Activist detained over ‘lies’ in Museveni’s war book

Jobless Brotherhood coordinator, Norman Tumuhimbise, is now required to answer a few questions concerning his book diluting President Yoweri Museveni’s war memoir.

Norman was arrested from his home by police on Tuesday over allegations that he was part of the group that dropped yellow pigs at state house Nakasero.

On Monday, unknown people dropped two pigs dressed in yellow T-shirts at the entrance of state House in Kampala.

However, it turns out that Norman’s problem is bigger than he anticipated.

As we gathered, the police chief Kale Kayihura, wants Norman to explain who gave him the information he used to portray as lies events Museveni describes in his book titled: “Sowing the Mustard Seed”.

Norman’s wife told reporters outside their home that policemen who arrested said they were taking him to “talk to the IGP”.

Last month, President Museveni unveiled the 2nd Edition of ‘Sowing the Mustard Seed’ in which he discusses regional stability, Great Lakes region’s history, geopolitics of countries like Rwanda, DRC and the defeat of LRA rebels.

Speaking at the event, Museveni gave an insight into the book that chronicles the days of the bush war struggle.

The president also revealed that the original fighters were not 27 as the myth has always maintained but 43 although only 27 were armed with guns.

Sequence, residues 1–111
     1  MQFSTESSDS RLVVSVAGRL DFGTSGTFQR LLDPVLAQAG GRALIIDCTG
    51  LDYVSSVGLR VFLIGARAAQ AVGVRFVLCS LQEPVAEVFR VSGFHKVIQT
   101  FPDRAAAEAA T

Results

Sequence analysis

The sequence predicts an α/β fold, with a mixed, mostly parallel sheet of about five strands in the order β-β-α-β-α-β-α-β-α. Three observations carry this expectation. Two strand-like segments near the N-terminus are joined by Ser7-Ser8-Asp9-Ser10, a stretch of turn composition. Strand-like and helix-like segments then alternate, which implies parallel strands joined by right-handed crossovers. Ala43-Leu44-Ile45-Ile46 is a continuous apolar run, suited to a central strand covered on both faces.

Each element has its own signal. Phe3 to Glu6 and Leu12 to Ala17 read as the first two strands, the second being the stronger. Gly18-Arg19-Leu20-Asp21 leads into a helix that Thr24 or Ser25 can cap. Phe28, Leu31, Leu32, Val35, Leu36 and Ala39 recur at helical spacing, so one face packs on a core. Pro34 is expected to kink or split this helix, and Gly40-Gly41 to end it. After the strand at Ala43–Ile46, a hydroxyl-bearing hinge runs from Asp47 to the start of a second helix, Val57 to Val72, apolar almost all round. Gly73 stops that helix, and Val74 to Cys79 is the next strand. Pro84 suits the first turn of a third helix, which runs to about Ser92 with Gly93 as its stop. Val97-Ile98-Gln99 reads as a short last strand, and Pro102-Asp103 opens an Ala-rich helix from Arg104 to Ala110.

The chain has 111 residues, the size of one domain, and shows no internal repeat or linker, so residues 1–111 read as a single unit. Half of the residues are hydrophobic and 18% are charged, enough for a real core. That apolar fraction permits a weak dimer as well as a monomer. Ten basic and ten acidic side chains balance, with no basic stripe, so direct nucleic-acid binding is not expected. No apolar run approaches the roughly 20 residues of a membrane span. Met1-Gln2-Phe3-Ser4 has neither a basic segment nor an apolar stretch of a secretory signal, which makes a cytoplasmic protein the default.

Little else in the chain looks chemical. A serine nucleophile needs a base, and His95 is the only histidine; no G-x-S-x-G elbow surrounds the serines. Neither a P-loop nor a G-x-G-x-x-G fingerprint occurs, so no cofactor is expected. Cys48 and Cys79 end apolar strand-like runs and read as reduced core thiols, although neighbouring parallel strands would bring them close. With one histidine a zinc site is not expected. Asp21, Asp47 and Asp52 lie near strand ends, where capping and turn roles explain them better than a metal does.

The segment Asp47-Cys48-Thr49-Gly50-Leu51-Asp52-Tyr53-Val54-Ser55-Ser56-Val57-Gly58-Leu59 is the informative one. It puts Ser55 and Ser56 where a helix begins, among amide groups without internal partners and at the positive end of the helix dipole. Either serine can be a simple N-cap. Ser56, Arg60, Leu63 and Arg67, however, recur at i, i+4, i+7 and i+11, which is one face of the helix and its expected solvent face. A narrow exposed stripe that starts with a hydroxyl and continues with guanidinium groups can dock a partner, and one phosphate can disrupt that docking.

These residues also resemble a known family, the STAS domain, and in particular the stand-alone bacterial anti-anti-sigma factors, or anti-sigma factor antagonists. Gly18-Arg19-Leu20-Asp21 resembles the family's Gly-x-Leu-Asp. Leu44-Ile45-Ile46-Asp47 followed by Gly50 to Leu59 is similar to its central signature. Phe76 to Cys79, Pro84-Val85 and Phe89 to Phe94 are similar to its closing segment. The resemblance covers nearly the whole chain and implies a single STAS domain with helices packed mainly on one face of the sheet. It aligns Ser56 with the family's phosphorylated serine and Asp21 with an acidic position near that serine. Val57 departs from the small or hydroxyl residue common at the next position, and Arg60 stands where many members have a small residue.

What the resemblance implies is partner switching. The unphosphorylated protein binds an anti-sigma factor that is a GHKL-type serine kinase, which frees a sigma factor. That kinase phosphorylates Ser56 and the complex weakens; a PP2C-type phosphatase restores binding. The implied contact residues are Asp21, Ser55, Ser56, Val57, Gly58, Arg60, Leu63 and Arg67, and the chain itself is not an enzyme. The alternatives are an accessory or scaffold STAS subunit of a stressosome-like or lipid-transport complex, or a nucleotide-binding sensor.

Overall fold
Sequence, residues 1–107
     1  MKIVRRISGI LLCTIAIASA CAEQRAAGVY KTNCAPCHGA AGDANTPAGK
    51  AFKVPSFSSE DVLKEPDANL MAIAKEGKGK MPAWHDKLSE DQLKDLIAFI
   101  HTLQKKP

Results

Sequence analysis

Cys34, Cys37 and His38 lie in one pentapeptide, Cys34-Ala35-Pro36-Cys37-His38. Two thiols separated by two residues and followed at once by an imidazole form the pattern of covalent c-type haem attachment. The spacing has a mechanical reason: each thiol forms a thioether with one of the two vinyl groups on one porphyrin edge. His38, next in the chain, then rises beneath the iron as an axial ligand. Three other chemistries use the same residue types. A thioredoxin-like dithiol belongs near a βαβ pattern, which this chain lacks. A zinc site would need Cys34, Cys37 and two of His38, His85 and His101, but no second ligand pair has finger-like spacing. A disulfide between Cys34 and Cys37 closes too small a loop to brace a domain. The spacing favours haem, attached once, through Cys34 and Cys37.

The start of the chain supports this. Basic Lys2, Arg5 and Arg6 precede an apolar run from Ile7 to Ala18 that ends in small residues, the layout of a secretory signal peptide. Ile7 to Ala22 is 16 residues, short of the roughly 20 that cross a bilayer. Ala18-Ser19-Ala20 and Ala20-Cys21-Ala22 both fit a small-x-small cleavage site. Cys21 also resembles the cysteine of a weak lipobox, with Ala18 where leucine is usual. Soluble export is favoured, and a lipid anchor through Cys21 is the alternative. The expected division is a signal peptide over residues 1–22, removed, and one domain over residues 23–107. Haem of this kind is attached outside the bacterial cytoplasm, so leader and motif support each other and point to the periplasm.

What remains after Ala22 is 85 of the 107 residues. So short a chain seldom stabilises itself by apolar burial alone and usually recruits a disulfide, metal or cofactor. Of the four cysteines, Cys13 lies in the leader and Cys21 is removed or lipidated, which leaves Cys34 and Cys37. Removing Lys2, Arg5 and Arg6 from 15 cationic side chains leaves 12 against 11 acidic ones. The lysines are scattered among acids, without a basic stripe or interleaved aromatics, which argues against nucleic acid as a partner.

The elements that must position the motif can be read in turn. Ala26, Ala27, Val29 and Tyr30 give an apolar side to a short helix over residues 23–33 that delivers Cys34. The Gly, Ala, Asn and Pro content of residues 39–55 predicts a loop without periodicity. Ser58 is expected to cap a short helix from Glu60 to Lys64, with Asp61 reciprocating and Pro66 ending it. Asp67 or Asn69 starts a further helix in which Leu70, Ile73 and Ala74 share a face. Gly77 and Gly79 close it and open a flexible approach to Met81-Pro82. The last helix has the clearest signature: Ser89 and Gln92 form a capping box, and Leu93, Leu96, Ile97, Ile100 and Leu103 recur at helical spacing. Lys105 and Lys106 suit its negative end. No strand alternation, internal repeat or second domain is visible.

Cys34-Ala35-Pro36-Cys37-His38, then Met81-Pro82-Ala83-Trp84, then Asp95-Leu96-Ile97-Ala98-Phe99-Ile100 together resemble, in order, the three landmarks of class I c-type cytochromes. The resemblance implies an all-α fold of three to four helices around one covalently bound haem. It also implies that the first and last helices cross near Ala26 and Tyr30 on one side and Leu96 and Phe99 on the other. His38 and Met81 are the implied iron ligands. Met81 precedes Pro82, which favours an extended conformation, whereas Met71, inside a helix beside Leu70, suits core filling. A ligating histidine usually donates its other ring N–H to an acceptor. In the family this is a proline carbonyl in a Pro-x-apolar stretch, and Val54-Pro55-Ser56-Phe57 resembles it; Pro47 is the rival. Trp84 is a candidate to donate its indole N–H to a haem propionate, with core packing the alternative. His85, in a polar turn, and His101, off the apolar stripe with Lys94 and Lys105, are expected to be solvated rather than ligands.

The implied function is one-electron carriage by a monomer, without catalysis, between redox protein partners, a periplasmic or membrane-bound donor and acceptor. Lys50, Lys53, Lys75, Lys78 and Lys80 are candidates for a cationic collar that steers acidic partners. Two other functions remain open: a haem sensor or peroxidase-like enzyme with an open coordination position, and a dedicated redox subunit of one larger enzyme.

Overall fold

Norman “Unsows the mustard seed”

In June 2015, Norman announced the launch of a book titled ‘Unsowing the Mustard Seed’ exposing president Museveni published “falsehoods” in his book ‘Sowing the Mustard seed’.’

“In this book, we have detailed the untruths told and how President Museveni’s comrades lost their lives in the liberation struggle and only he emerged the hero,” he told press.

Col. Samson Mande stated in a forward to the publication said: “The Ten-Point-Program was more less a mustard seed that we thought would sprout from the ground with vigour and vitality and produce delicious fruits that would be enjoyed by all Ugandans.”

Norman promised to mobilise youths and students and shun the 2016 general elections that will give Museveni a fifth term in office.

Norman was later “kidnapped” by state agents and held in “a safe house”.

“Behind the Devil’s Line”

In July, 2013, Norman was arrested and interrogated over a “devil” in the title of the book he wrote titled: “Behind the Devil’s Line”.

The activist said the devil was President Yoweri Museveni who he described as a “traitor”.

Museveni, who took power by force in 1986 and then promised to reform the country’s violent politics is now one of Africa’s longest-serving leaders and a dictator in the eyes of some.

“The devil, to be frank, is the president,” Norman who doubles as a member of the opposition Forum for Democratic Change party, told AFP.

“The longer Museveni stays in power, the more he becomes a liability to this country,” he added.

His book was unfortunately rejected by local bookstores forcing him to carry around copies that he sells to trusted agents because he is concerned that the state intends to buy all printed copies and destroy them.

In the book he accuses Museveni of what he calls “arrogance and big-headedness” and likens him to the late Libyan leader, the late Col. Muammar Gadhafi.

Ofwono Opondo, government spokesman, told AFP the activist’s book was a work of propaganda that did not deserve wide readership.

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